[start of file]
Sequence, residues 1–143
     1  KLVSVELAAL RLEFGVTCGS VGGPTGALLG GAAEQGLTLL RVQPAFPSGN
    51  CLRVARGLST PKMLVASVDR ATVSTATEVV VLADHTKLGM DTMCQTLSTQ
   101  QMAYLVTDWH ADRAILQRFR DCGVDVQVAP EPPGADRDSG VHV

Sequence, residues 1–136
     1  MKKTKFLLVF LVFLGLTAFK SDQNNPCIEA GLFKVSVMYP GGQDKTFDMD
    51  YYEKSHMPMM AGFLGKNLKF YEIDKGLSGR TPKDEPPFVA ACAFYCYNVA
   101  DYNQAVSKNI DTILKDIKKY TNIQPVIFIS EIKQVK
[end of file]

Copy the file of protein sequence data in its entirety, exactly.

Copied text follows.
Sequence, residues 1–143
     1  KLVSVELAAL RLEFGVTCGS VGGPTGALLG GAAEQGLTLL RVQPAFPSGN
    51  CLRVARGLST PKMLVASVDR ATVSTATEVV VLADHTKLGM DTMCQTLSTQ
   101  QMAYLVTDWH ADRAILQRFR DCGVDVQVAP EPPGADRDSG VHV

Sequence, residues 1–136
     1  MKKTKFLLVF LVFLGLTAFK SDQNNPCIEA GLFKVSVMYP GGQDKTFDMD
    51  YYEKSHMPMM AGFLGKNLKF YEIDKGLSGR TPKDEPPFVA ACAFYCYNVA
   101  DYNQAVSKNI DTILKDIKKY TNIQPVIFIS EIKQVK